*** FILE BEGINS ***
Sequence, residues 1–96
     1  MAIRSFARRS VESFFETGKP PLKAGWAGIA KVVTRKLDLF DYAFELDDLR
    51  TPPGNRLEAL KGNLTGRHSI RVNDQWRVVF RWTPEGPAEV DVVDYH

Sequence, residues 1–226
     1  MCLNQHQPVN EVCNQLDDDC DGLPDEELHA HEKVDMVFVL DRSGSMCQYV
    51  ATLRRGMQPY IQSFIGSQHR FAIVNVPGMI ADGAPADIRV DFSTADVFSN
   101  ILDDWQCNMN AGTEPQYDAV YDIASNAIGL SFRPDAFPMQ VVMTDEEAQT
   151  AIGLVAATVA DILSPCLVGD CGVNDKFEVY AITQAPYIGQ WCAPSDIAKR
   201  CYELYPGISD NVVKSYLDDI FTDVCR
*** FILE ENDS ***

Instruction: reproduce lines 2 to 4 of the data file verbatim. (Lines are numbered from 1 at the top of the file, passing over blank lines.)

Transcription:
     1  MAIRSFARRS VESFFETGKP PLKAGWAGIA KVVTRKLDLF DYAFELDDLR
    51  TPPGNRLEAL KGNLTGRHSI RVNDQWRVVF RWTPEGPAEV DVVDYH

Sequence, residues 1–226